Lot 4009: Campo del Cielo Etched End Cut Meteorite
18th October 2018
Gorgeous Camp del Cielo iron meteorite end slice, found in Argentina circa 2000. The etched end cut weighs 1,597 grams and measures approximately 115 mm x 65 mm x 42 mm. Iron meteorites were once part of the molten core of an ancient asteroid and likely originated in a parent body within the asteroid belt between Mars and Jupiter. This striking example, Campo del Cielo, was found in South America circa 2000. The mass has been expertly cut in a lab, and using a diamond-tipped saw, then carefully polished and etched to reveal its marvelous crystalline structure, composed of two nickel-iron alloys. Known as the Widmanstätten pattern, this feature is unique to meteorites. Comprised of about 93% iron and 7% nickel plus trace elements, Campo del Cielo was first discovered in 1576, making it one of Earth's oldest-known meteorites. Analysis of the fall site suggests that its terrestrial age (when it landed on our planet) is much older—an estimated 5,600 years. Accompanied by a certificate of authenticity signed by Geoff Notkin of Aerolite Meteorites Inc. and the TV show Meteorite Men, as well as a specimen identification card.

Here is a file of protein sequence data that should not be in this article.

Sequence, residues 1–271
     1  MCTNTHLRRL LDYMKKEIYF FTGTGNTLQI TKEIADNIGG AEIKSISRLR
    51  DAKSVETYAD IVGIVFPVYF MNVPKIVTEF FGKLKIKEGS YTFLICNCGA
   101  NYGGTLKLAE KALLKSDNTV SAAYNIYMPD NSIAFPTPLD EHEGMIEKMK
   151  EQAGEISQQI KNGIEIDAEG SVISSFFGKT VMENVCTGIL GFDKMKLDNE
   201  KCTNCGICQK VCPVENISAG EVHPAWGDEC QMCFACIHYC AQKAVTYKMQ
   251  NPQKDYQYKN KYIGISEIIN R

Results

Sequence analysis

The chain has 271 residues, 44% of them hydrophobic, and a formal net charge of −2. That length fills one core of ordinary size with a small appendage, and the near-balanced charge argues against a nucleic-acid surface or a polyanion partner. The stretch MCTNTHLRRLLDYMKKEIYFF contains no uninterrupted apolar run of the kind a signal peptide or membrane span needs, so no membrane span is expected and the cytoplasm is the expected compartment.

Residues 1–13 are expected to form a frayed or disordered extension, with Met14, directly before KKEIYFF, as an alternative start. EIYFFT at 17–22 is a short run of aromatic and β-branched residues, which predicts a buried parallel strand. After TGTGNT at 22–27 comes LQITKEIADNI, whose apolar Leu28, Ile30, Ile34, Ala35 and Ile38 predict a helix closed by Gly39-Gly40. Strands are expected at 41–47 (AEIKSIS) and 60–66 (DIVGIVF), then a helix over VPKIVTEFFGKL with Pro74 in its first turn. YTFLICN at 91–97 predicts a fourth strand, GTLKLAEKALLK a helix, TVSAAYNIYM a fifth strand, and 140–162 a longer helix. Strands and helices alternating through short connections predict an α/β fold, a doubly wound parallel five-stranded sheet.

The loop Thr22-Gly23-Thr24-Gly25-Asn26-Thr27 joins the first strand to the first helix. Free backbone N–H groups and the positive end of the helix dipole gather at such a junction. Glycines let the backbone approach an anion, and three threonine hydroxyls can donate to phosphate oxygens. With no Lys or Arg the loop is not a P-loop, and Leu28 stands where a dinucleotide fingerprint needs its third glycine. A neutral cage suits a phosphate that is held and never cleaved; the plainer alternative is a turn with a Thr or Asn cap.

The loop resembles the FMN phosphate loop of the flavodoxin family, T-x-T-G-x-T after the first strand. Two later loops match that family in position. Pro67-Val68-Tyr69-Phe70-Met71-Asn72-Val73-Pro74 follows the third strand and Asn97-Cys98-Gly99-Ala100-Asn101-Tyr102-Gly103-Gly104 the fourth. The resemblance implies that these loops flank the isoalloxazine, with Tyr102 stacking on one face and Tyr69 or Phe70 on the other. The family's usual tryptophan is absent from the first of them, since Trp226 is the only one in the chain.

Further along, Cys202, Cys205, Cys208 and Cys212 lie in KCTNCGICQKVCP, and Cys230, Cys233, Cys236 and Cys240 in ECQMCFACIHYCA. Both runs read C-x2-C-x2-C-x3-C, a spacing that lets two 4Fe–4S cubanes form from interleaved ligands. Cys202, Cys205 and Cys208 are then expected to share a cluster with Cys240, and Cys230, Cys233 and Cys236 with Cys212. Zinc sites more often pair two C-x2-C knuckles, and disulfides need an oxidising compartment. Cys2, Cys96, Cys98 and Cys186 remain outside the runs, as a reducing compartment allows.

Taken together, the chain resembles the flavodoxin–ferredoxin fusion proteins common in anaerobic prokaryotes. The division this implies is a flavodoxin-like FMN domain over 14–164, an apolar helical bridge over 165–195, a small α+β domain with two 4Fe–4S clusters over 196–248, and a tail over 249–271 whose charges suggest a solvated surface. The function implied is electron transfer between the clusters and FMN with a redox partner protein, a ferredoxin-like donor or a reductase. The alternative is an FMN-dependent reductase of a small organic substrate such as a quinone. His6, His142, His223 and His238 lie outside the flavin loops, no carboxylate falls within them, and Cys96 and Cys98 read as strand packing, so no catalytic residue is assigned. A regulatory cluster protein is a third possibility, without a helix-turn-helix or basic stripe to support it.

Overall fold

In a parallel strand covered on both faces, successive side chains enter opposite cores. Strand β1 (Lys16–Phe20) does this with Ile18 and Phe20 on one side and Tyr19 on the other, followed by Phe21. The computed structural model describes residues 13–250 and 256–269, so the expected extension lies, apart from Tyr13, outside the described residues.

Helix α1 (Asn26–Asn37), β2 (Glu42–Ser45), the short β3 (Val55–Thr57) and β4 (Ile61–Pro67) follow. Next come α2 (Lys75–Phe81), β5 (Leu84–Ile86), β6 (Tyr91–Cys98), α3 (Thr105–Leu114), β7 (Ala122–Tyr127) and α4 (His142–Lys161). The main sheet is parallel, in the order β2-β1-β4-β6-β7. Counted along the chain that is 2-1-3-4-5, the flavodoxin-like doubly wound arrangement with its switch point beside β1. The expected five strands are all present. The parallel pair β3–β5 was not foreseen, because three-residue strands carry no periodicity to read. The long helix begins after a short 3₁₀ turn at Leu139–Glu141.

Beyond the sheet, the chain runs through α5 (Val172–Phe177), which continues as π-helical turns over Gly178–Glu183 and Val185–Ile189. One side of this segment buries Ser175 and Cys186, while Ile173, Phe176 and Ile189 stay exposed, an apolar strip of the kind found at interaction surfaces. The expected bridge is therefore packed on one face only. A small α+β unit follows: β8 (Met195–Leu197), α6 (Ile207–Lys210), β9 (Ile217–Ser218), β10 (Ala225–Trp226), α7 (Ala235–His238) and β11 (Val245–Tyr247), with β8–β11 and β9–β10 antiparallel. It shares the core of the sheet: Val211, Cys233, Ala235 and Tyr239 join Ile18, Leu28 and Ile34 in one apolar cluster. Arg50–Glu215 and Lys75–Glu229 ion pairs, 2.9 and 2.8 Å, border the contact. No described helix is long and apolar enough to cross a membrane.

The bookmarklet lets you save things you find to your collections.
Note: Make sure your bookmarks are visible.
Click and drag the Collect It button to your browser's Bookmark Bar.